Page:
Amazon's revenue surges by 43 per cent pushing shares to record high

Earnings per share come in at $3.27 (£2.35), outpacing analysts’ estimates

Jeremy B. White
San Francisco
Wednesday 24 October 2018 10:46 BST
The logo of Amazon is pictured inside the company's office in Bengaluru, India
The logo of Amazon is pictured inside the company's office in Bengaluru, India

Amazon’s profits surged past Wall Street predictions for the first quarter of 2018, pushing company shares to an all-time high.

The company’s revenue grew 43 per cent year over year to $51bn (£36.6bn), a figure that includes its earnings from acquiring upscale grocery chain Whole Foods and exceeded projections. Earnings per share came in at $3.27 (£2.35), outpacing analysts’ estimates of roughly $1.26 (£0.9).

The company's cloud-computing unit Amazon Web Services also posted strong gains, registering a 49 per cent in sales over the previous year and generating some $1.4 bn (£1bn) in operating income.

CEO Jeff Bezos said the numbers vindicated a longstanding focus on the service.

“AWS had the unusual advantage of a seven-year head start before facing like-minded competition, and the team has never slowed down”, Mr Bezos said in a statement. “As a result, the AWS services are by far the most evolved and most functionality-rich”.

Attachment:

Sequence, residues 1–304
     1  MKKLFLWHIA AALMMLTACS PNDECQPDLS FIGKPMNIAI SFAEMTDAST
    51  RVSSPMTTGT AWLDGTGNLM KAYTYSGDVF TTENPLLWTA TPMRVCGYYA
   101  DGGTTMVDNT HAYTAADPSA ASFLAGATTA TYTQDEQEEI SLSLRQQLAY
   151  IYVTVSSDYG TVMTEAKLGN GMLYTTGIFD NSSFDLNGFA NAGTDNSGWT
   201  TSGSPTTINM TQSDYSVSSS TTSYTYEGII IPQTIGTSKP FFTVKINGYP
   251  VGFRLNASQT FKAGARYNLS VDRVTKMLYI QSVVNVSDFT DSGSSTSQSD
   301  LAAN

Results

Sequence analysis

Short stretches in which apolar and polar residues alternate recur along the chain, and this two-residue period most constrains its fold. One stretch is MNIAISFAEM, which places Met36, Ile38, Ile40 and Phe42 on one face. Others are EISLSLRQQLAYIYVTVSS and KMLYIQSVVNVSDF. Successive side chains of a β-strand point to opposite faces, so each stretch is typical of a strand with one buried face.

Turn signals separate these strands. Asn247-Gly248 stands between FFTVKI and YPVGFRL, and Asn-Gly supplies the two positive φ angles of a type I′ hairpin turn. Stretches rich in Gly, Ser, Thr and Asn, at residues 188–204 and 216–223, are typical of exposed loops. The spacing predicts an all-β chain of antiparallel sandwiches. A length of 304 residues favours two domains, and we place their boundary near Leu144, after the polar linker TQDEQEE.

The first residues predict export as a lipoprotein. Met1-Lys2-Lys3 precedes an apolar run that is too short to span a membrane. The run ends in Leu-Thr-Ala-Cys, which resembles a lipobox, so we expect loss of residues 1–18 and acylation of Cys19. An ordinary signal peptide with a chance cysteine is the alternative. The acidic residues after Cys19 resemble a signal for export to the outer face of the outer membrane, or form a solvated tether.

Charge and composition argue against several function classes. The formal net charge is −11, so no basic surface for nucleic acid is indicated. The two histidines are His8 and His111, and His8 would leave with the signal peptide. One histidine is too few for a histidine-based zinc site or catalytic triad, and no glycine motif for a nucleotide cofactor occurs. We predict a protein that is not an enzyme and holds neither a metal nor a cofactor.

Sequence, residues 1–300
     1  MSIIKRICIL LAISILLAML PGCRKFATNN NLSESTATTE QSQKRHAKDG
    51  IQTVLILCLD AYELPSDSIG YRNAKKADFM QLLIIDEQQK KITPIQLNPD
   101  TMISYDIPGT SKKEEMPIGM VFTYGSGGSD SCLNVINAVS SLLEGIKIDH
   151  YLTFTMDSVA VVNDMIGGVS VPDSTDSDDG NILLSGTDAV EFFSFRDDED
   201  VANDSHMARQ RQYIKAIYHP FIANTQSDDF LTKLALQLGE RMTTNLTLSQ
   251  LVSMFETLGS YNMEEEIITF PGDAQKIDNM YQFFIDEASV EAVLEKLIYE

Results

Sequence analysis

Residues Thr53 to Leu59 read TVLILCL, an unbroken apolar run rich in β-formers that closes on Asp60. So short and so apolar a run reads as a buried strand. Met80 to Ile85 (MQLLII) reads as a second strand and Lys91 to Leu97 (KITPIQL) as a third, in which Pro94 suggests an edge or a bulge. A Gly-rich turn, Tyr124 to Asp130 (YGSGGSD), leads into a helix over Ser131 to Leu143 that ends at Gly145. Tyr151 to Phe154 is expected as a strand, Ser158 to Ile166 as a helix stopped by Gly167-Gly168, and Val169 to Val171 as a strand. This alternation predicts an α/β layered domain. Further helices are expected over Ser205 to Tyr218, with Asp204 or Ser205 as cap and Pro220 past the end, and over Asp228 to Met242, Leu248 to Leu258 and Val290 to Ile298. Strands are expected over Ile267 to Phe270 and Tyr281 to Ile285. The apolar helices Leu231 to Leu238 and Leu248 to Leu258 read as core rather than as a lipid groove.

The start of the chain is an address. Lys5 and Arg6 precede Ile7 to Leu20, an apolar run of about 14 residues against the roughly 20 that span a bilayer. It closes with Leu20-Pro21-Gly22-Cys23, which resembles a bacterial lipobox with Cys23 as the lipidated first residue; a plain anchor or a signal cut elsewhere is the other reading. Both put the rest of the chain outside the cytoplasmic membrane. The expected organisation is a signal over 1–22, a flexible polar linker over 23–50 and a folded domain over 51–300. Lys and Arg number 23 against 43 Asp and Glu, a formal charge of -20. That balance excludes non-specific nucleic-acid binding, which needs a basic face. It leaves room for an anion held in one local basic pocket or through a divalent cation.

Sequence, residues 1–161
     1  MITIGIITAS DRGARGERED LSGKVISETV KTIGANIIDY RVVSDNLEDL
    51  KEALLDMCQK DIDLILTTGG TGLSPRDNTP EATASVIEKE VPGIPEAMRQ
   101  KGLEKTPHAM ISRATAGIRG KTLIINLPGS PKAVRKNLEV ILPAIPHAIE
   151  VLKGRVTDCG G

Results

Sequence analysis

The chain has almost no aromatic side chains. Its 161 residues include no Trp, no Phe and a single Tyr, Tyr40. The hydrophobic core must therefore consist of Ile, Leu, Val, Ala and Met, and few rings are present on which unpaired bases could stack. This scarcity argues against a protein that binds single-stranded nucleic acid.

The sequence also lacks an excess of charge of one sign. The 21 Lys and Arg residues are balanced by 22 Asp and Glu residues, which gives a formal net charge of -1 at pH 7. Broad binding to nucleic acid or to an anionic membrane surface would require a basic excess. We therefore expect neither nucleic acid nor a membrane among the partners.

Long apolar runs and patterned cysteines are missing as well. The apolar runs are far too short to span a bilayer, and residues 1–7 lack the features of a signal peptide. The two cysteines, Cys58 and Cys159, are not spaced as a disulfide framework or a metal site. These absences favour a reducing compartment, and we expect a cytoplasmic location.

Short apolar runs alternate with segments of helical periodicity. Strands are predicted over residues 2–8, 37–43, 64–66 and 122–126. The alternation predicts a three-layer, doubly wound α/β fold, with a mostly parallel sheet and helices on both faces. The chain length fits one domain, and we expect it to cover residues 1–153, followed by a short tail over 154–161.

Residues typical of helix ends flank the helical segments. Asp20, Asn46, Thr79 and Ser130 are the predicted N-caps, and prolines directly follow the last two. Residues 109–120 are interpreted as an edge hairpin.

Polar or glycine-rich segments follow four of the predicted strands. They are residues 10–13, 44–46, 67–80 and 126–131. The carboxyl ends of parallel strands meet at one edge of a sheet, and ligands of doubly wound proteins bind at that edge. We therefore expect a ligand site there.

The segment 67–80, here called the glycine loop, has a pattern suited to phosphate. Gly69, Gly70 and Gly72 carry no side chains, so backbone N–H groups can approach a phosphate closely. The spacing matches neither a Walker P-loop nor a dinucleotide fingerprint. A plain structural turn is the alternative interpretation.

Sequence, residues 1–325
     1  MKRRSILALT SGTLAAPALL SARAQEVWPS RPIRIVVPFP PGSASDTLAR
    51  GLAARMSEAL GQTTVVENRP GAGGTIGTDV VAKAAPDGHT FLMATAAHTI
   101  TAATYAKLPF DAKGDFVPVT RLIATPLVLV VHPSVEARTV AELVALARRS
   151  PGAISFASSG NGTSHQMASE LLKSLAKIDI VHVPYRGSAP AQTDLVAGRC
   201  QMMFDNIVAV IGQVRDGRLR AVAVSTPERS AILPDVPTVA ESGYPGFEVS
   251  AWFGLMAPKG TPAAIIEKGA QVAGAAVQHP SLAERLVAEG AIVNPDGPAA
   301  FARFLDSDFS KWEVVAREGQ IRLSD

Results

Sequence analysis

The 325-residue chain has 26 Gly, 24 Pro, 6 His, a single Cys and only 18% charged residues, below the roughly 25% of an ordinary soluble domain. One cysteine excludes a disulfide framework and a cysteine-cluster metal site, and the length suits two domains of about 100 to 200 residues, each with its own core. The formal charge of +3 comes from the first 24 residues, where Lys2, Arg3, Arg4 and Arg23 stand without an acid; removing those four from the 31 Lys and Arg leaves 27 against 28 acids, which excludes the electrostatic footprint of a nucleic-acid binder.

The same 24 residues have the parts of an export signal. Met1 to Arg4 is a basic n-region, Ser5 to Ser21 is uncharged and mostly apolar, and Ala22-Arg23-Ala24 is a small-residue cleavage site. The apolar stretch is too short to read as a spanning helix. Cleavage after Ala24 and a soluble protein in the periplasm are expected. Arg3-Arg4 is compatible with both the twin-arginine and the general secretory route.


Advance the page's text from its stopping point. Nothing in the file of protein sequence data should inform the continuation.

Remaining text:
Shares soared by 7 per cent in after-hours, briefly climbing to over $1,600 (£1,150) per share.

The strong showing underscored Amazon’s dominant market position amid a sustained assault from the president of the United States.

Donald Trump has attacked the company by name on Twitter more than a dozen times since entering the White House, asserting without citing any evidence, that the company has not paid enough money to the US Postal Service.

Trump: 'Amazon is going to have to pay a lot more money to the Post Office'

The president’s most recent complaints came in late March and early April, a stretch that partially overlaps the last few days of the period covered in the earnings report.

Amazon CEO Jeff Bezos owns The Washington Post, which regularly publishes stories on the inner workings of the Trump administration and special counsel Robert Mueller’s investigation into Russian election interference.

Mr Trump also regularly dismissed the paper as “fake news”.

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